SINCE calling time on his art-pop band Talking Heads in 1991, David Byrne has gone where his brilliant, inquisitive and (he thinks) mildly Asperger’s-influenced spirit has taken him.
How Music Works By David Byrne
Canongate, 358pp, £22
He’s made solo albums and films, written books and turned an industrial building into a musical instrument that can be “played” by anyone. And there have been any number of questing, cross-genre hook-ups. As he drily admits, the online music magazine Pitchfork “once wrote that I would collaborate with anyone for a bag of Doritos”.
Some of these projects have been quietly magical or have made unexpectedly brilliant associations between musical styles or across art forms. Others have led into abstruse or minimalist cul-de-sacs. This book is like that, at times incisive and intriguing, at others maddeningly dry or – to the lay reader – impenetrable.
Byrne considers it a series of essays that can be read in any order. It’s more like a mix tape of wildly different tracks from which those interested in different aspects of music can pick their favourites while discarding the rest. He provides an intelligent discussion of how music has been shaped. First, by different environments – the open air, cathedrals, discos and (in the case of hip hop) cars and their stereo systems.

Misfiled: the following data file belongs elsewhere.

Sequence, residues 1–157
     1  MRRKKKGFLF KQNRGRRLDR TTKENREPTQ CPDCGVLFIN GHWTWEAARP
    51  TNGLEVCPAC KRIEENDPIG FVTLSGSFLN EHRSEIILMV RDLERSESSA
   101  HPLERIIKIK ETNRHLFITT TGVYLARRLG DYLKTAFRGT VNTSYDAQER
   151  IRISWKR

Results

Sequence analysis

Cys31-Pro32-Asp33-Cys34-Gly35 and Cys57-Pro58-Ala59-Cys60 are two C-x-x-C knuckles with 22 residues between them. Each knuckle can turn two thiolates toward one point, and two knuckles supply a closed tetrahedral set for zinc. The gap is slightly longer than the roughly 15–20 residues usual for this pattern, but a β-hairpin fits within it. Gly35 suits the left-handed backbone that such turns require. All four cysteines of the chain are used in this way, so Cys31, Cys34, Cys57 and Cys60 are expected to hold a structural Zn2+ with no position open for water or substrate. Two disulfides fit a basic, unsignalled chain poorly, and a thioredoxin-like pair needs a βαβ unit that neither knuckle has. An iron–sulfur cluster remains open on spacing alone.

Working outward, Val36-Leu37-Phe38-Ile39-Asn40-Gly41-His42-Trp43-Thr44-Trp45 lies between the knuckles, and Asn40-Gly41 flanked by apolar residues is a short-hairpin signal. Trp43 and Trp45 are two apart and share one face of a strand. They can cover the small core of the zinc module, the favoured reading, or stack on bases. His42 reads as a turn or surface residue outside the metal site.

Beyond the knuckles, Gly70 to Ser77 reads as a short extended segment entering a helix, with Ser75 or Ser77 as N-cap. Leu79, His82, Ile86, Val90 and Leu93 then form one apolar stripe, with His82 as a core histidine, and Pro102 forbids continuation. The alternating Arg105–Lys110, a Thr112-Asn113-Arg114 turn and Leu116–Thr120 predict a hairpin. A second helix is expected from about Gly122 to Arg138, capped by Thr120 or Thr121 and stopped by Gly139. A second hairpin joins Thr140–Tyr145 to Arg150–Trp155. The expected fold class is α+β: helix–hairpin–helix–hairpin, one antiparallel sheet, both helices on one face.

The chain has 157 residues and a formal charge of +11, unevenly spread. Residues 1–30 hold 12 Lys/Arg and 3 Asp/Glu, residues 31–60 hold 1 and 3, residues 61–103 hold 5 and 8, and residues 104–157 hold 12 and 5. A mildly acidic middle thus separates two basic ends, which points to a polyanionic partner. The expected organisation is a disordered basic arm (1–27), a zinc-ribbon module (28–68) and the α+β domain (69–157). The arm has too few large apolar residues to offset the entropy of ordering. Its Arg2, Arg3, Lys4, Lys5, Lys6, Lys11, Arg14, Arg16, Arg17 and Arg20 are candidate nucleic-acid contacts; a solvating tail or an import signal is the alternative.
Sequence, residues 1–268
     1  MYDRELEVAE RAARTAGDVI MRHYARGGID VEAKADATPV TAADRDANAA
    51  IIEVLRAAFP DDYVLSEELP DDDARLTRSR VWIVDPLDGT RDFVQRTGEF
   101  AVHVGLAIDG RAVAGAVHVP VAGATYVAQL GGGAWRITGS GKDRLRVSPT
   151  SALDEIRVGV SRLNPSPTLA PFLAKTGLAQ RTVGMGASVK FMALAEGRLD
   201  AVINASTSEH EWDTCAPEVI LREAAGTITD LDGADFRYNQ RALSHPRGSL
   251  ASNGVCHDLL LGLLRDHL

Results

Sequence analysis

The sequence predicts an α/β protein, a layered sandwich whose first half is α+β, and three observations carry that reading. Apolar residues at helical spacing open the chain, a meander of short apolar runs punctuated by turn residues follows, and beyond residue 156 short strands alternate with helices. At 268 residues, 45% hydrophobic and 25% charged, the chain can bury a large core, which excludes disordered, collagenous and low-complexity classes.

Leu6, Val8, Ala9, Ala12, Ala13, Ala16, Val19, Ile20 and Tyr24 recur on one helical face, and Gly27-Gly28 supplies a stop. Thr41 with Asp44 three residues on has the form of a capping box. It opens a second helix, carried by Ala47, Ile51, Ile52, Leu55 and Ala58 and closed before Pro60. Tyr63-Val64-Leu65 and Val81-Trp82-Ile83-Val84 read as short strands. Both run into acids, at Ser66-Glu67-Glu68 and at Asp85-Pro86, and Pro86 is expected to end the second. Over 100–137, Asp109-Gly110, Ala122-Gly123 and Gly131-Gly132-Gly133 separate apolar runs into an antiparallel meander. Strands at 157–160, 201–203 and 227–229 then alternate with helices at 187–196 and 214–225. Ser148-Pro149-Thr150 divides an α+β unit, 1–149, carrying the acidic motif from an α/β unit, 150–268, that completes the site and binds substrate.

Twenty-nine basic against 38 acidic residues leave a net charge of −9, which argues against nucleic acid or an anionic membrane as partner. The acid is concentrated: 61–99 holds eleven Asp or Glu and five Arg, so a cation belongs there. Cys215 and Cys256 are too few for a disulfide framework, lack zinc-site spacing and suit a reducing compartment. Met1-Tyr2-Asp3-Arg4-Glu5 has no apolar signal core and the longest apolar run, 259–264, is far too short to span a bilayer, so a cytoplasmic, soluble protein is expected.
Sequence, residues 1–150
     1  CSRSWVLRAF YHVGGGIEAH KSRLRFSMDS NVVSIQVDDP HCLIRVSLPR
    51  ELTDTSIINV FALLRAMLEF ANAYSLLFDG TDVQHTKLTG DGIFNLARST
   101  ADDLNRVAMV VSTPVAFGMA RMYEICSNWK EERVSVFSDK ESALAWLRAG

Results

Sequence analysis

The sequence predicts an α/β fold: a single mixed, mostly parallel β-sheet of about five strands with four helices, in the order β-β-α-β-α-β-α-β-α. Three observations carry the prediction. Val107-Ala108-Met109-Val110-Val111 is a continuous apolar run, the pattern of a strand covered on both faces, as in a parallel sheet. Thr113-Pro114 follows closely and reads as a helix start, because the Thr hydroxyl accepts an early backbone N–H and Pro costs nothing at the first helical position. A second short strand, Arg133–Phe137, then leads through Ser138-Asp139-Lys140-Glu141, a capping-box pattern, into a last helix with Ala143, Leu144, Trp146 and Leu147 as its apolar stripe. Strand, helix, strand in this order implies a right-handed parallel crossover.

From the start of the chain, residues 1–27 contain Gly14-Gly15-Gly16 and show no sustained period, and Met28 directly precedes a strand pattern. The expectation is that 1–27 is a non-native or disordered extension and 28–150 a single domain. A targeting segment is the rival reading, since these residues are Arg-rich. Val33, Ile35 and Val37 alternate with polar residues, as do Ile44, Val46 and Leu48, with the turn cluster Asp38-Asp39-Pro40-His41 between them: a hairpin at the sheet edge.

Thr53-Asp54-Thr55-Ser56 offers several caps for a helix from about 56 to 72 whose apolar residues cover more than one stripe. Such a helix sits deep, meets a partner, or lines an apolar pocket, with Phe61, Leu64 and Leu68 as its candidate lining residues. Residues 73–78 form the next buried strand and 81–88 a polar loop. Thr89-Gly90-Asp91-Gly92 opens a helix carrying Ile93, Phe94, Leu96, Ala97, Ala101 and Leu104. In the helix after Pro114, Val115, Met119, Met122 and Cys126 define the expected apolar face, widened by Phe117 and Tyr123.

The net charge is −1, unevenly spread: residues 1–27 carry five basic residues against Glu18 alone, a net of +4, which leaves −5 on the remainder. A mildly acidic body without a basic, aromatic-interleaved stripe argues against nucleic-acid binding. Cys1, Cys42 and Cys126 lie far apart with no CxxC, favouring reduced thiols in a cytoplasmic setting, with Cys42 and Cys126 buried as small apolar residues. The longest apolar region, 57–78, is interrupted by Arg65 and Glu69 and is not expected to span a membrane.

Second, by technology. The three-minute pop song was dictated by the size of a 78 or 45rpm disc, while the size of a CD, conversely, was designed to accommodate Beethoven’s Ninth Symphony.
Shoehorned strangely between these chapters is a discussion of how Talking Heads’ music and look came about: the outsize suit Byrne wore in the peerless concert film Stop Making Sense, he reveals, was influenced by Noh and Kabuki costumes.
There’s a very dry but rigorous dissection of the brutal and fast-changing economics of the music business and a conversely larky chapter about how you should set about creating “a scene” like the one that surrounded CBGB’s in New York’s Bowery, where Talking Heads, the Stooges, Patti Smith and Blondie started out. Free beer for musicians seems to be the key.
For genre nerds there’s lots of stuff about his voyages with Brian Eno, Caetano Veloso, Fatboy Slim and countless others into different cultures and concepts.
The closing chapters wax philosophical and political as Byrne discusses the moral, emotional and mystical properties of music, as well as funding and education. Often, here, his omnivorous intellect overpowers his skill as a communicator.
Altogether this book is as quirky and odd as you’d expect from Byrne, but less consistently entertaining than you’d hope.
He ends, though, on a nice defence of his absorption in all aspects of music, from classical to pop to pure experimentalism. “I like a good story and I also like staring at the sea,” he writes. “Do I have to choose between the two?”
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